They'll think its strange if just the two of us try to march the children out, though.

PERCY:

No we won't do that. I just want to tell the guard that I'm sending a squad with an order signed by me. Then Ffoulkes and the others can march in in about an hour and take them.

TONY:

Sounds perfect.

PERCY:

Well, I hope so. -- Here's the entrance.

SOLDIER:

Halt!

PERCY:

(as Chauvelin) It is alright, Comrade. It is I, Citizen Chauvelin.

SOLDIER:

Bonsoir, Citizen Chauvelin.

PERCY:

Open this door. I wish to enter and speak to your captain. (pause) Did you not hear what I said?

SOLDIER:

Yes. I heard what you said, citizen. Now I am waiting to hear something else. The password, please.

PERCY:

(menacing) Do you dare to challenge me?

SOLDIER:

Yes I do, Citizen. By your own order, you said nobody, not even yourself, was to be unchallenged. The password, if you please!

(music)

 

PERCY:

(narrating) Our voices had grown louder, attracting the attention of the soldiers in the square and now the guard's rifle had tilted, and the point of his barrel was only inches from my stomach. His eyes were hard and dangerous in the dim light.

SOLDIER:

You said make certain of the identity of everyone, monsieur, especially yourself. If you do not give me the password in five seconds -- I --

TONY:

(quickly interrupting) You see Citizen Chauvelin! They are alert! This guard has certainly passed your test.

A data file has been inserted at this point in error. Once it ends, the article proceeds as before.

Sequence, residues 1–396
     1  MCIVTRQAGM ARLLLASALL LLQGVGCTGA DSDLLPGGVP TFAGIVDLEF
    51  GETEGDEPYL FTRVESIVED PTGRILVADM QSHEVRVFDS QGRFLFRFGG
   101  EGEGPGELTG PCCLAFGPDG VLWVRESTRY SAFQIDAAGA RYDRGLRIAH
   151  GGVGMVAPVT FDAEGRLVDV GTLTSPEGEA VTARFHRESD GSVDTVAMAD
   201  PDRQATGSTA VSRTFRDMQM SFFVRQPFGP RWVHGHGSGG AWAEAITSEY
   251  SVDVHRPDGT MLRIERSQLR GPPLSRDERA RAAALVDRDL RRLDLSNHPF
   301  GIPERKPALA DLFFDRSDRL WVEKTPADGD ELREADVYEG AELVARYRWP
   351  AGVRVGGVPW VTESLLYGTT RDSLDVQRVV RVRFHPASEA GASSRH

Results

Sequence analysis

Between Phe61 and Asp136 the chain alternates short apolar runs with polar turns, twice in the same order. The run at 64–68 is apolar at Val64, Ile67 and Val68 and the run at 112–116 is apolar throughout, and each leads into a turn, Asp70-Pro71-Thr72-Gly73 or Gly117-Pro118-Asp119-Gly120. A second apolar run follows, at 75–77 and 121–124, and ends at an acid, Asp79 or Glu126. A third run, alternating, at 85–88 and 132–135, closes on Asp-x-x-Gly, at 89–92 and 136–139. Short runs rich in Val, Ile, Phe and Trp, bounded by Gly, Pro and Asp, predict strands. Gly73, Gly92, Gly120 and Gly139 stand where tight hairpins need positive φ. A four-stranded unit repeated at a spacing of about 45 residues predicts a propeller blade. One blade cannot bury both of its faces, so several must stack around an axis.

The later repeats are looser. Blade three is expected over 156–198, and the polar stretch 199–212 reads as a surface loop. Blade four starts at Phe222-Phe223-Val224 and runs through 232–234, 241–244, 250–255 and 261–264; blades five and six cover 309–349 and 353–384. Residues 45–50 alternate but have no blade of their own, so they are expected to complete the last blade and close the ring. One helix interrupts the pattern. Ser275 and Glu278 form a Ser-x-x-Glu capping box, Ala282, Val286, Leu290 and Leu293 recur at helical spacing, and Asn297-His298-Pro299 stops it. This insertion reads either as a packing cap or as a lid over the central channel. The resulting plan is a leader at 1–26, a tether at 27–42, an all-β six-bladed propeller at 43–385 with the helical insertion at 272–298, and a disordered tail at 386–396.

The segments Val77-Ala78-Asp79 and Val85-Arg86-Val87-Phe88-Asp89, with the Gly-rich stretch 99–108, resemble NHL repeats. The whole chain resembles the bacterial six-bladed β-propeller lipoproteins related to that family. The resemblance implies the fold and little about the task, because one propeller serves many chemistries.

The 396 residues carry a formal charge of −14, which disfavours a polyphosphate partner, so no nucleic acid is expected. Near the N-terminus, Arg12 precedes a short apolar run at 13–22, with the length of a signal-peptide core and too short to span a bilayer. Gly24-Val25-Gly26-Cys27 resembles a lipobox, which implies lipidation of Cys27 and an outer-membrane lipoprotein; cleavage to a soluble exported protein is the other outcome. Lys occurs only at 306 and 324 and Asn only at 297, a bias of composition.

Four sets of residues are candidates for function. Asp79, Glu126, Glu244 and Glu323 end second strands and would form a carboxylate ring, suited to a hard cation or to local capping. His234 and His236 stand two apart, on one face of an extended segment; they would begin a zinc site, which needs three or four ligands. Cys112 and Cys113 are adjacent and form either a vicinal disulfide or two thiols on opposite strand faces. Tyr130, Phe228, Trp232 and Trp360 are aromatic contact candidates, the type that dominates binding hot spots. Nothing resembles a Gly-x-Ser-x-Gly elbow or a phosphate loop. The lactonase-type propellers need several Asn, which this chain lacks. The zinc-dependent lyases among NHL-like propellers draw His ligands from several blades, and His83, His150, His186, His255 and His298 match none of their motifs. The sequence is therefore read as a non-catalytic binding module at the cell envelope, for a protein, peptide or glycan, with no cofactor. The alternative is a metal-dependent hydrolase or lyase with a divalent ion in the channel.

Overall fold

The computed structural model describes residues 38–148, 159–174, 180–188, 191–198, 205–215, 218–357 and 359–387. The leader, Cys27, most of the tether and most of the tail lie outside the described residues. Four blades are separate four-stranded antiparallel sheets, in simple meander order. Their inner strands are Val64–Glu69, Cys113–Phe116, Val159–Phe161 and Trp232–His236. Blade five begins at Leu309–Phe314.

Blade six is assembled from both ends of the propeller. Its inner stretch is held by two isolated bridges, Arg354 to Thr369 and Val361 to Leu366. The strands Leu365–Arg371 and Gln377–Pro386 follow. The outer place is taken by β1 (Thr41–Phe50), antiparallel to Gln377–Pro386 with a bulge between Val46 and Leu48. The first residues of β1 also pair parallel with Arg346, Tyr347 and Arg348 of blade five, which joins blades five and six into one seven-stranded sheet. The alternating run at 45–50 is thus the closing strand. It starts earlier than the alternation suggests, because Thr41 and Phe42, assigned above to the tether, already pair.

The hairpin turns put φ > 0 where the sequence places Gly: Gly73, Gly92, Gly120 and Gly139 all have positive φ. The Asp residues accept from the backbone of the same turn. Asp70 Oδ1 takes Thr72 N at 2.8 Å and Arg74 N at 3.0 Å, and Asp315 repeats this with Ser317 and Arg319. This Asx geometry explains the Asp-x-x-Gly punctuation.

SOLDIER:

Test?

TONY:

Of course, fool! To make sure you were following the orders to the letter, eh Citizen Chauvelin?

PERCY:

Of course, why else? You have done well, my soldier. With you on guard, I see that my fear was unfounded. Come citizen, we will return to the chateau. Bonsoir, soldier!

TONY:

(exhaling) That was close.

PERCY:

(in own voice) He's still suspicious. Walk towards that alleyway where --

SOLDIER:

(calling loudly) Citizen Chauvelin!!

PERCY:

(as Chauvelin) What is it?

SOLDIER:

I would still like the password, Citizen.

(music)

 

PERCY:

(narrating) His suspicion had flared up again, dangerous and demanding, and I had no answer to his question. There was only one thing to do; Tony knew it too, as though my thoughts were his own. At the same instant we started our run to the alleyway.

(they run)

 

SOLDIER:

Halt! Halt! Halt or I'll fire! (rifle is shot) Stop them! Stop them! It's the Pimpernel!

(loud angry voices of the soldiers)

 

OTHER SOLDIERS:

The Pimpernel! The Pimpernel! (shots)

TONY:

Blakeney! Back there!

PERCY:

What?

TONY:

The guard! He just fired? We didn't fire! Good heavens, they're fighting among themselves.

PERCY:

Stop!

TONY:

What is it?

PERCY:

Those soldiers returning fire -- they're our own men! Ffoulkes and his group in French uniform. Ffoulkes!

FFOULKES:

Be with you as soon as we can, Blakeney! Knew you weren't Chauvelin the moment you crossed the square and brought Tony with you! Alright men, come on! Across the street! They won't follow you into this ally for a moment or two!

PERCY:

Good man, Ffoulkes! Come on men, this way!

(music)

 

PERCY: